Washington (Aug. 17)
Congratulatory messages were received today by Dr. Ernest Gruening, editor and authority on Caribbean matters, who was appointed director of the new Division of Territories and Island Possessions by Secretary of the Interior Harold L. Ickes.
The new division head spent his second day in office studying the problems of Alaska, Hawaii, Puerto Rico and the Virgin Islands. He had been sworn in yesterday by Secretary Ickes. The policies of the new division, which was set up July 28 by executive order, are yet to be determined.
Dr. Gruening is forty-seven, a graduate of Harvard University and Harvard Medical School. Preferring journalism to medicine, upon his graduation in 1911 he began as a reporter for the Boston American. He occupied various positions on Boston newspapers for several years.
He came to New York and became managing editor of the Tribune. He was managing editor of the Nation from 1920 to 1923. In 1924 he was national director of publicity for the LaFollette Presidential campaign.
During the years 1924 to 1926 he collected material in Mexico for his book “Mexico and Its Heritage,” which is an acknowledged standard work on the subject. From 1927 to 1932 he was editor of the Portland (Maine) Evening News, which he founded.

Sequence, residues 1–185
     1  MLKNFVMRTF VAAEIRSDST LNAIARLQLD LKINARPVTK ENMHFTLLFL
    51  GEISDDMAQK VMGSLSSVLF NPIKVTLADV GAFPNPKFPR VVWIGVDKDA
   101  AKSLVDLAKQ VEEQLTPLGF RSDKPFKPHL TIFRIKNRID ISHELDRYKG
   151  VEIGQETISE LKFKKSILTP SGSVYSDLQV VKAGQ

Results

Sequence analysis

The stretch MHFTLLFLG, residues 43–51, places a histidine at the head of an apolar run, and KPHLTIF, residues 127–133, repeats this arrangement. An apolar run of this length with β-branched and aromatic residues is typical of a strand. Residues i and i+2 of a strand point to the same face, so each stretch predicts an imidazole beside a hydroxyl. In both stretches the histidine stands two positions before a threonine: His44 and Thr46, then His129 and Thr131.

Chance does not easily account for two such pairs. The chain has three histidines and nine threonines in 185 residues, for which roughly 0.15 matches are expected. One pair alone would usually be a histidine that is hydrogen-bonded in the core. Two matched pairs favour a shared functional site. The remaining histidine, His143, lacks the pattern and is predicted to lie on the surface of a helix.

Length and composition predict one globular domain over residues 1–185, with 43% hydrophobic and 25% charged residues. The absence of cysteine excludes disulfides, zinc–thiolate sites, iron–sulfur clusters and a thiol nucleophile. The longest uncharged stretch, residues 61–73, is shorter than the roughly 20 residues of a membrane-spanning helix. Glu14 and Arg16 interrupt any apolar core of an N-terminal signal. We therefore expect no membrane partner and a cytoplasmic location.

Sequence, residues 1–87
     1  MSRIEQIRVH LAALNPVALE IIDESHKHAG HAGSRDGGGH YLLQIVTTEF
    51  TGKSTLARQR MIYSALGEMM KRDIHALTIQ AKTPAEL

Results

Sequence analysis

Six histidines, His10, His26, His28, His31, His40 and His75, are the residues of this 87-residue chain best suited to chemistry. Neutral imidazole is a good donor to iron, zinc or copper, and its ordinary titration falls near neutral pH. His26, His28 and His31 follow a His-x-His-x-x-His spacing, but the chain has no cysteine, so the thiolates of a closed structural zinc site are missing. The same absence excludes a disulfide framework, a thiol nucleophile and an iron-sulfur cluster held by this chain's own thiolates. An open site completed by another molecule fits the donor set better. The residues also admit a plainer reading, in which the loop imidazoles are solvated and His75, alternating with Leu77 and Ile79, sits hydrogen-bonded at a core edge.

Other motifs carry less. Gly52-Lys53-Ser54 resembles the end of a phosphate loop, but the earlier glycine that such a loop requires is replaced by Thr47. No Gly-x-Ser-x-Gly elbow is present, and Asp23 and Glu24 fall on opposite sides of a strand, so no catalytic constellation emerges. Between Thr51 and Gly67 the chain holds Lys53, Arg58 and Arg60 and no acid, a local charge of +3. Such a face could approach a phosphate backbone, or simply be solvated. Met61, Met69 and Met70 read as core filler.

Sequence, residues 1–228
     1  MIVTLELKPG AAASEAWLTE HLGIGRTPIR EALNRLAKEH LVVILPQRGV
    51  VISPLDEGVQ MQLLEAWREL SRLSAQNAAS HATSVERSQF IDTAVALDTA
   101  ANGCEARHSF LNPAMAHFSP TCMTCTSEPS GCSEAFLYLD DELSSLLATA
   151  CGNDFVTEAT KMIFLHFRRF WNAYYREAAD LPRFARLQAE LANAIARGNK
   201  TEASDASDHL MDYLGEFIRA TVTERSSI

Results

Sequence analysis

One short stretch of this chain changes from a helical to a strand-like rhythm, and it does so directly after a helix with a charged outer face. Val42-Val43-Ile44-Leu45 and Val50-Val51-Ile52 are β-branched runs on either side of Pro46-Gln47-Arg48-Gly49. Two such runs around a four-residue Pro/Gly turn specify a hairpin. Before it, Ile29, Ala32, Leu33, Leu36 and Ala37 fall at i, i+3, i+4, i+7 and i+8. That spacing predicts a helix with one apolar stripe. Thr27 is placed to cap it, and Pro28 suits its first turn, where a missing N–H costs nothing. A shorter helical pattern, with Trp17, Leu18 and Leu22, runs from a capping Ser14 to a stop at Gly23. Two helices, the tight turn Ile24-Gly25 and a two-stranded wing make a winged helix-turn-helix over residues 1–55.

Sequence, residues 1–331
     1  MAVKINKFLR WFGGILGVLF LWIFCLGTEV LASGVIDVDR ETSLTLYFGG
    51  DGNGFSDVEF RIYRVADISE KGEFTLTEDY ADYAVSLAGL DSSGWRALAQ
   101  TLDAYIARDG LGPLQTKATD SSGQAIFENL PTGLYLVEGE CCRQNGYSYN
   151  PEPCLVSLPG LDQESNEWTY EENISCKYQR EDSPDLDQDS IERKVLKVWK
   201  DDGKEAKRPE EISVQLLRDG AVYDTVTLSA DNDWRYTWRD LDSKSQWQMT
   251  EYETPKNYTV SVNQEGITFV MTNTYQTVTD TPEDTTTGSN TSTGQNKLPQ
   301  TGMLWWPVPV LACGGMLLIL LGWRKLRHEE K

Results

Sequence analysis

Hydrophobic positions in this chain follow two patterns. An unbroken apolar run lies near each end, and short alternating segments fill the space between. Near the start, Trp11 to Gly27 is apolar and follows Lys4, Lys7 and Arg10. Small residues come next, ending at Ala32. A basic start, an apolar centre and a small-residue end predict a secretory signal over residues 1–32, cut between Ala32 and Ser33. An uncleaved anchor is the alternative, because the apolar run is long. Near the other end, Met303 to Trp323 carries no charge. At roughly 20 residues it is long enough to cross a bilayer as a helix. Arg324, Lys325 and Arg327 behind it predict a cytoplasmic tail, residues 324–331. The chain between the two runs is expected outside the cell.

On January 1, 1933, he returned to New York, to become one of the editors of the Nation. In 1920 the Nation, under Mr. Gruening’s managing editorship, exposed for the first time the events surrounding the United States occupation of Haiti and San Domingo. This campaign led to a Senate inquiry. For fifteen years, in print and on the platform, Gruening has urged the cessation of United States military and financial intervention in affairs of neighboring Latin-American nations, the abrogation of the Platt Amendment and the withdrawal of American forces from Haiti, policies which President Roosevelt has put into effect.
Gruening is at present a member of the commission sent by the Foreign Policy Association at the invitation of President Carlos Mendietta to make an economic and social survey of Cuba. The commission has just returned from the Caribbean and is engaged in formulating its report.
He has lectured extensively throughout the country and has written for leading magazines.